O little sister you're an alley-cat alto-sax
howling on the fire escape
under a blue moon
that's driven you into heat
just outside my window
for that arsonist boyfriend of yours
who used to puke in my potted geraniums
every time the two of you got drunk enough
to crash across my coffee-table laughing
even with each other for a crutch
you haven't got a leg to stand on.
I was charmed by your romantic desolation.
I was intrigued by how much original sincerity
you both saw fit to squander on a cliche.
C'est la vie, c'est l'amor, c'est le guerre.
Elvis Presley is well and living in Tweed.
And Arthur Rimbaud is running guns
with Jim Morrison in Ethiopia for Al-Shabab.
Most people work harder at hope
than they do at achieving their downfall
and you were a fire hydrant
and now you haven't got a hose.
No pun intended
I've known you too long
to see you this upended slurring your words
like the simultaneous translator
of an hourglass speaking
out of both sides of its mouth at once.
I don't know why he left you.
Maybe there was nothing left to put out.
You burned out.
A piece flew off your heat shield upon re-entry.
Maybe any man who couldn't hold his liquor
realizes sooner than later he couldn't hold you.
I don't know.
Go ask my geraniums.
They've got more to say about him than I do.
You make your death bed.
You got to die in it.
Next time build your house on stilts
in Stanthorpe Queensland
to keep the snakes away from your pillow.
What can I say?
He had a shoulder on his chip
that just couldn't hold his end of the world up?
And don't get me wrong.
I'm not laughing at your pain.
I don't laugh at pain.
Pain is pain.
Different planets.
Different moons.
Who hasn't gone swimming with dolphins
in the saturnine seas of Titan
or dropped a comet like a match
on a methane moon of Neptune?
Endomorphs and dopamines
can make you do a lot of funny things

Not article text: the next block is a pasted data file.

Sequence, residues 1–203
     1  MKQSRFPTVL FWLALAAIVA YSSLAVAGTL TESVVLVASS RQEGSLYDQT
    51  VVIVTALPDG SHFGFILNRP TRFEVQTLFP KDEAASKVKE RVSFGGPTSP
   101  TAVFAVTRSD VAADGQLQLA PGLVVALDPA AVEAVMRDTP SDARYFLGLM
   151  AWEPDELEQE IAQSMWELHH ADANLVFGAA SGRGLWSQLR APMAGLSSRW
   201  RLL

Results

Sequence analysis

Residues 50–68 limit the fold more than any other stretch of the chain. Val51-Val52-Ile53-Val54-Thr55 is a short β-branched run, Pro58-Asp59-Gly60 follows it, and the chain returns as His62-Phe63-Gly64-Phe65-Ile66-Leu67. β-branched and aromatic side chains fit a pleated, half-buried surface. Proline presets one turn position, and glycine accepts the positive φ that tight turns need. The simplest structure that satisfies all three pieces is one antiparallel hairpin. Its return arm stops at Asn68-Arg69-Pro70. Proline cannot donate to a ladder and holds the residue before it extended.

that love is at a loss for words to justify.
Even if just for one wild night
of occult hunting magic
everyone longs to run with the wolves.
And howl, o little sister, you can hear them howling
in their blood agony at the waxing moon
as if something had died within them
that was so deep and crucial
it tore their hearts out
in an ecstasy of unrepentant pain.
And many many years later
when the solid abyss and hollowness of life
has grown even greater
you can still hear their voices
screaming like winter winds
above the timber-line
so high-pitched no echo
has ever been able to reach that high again
without shattering like a night bird
against the mirage of the open sky in the window.
Like you, little sister, now.
I'm not a sump-pump for anybody's tears
not even my own
but I've been known
to throw a little heavy water
on a nuclear meltdown every now and again.
Pain. Separation. Loss. Dream death
you keep reliving like an afterlife in your sleep
you're dying to wake up from
like a coma that's lost everything worth waking up to.
Not two. Not two. Not two.
That's the way it is here.
That's as far as words go.
That's where Statius takes over
from Vergil on the nightshift
and the stars nod off like children
who couldn't finish the story
and the quality of the poetry drops
as dark genius opts out
of the company of bright mediocrities
trying too hard to make it a better world
than it needs to be.
For things it didn't do.
And in a merciful world
that lived up to its teachings
and didn't shrink the heart
with fear of its own extremes
while everything else is expanding
shouldn't be asked to suffer like a placebo
in the glands of spurious cure.
And, yes, I know sometimes
it's hard to keep up with the mysteries
like the elements of life on a geometric scale.
How many jugulars does a woman have
for someone to cut
like the downed powerlines
of the Medusa's head
for having cast the first stone at herself?
You can wake the serpent fire
at the base of your spine
just above your coccyx
the hardest bone in your body
the little throne
the modest gravestone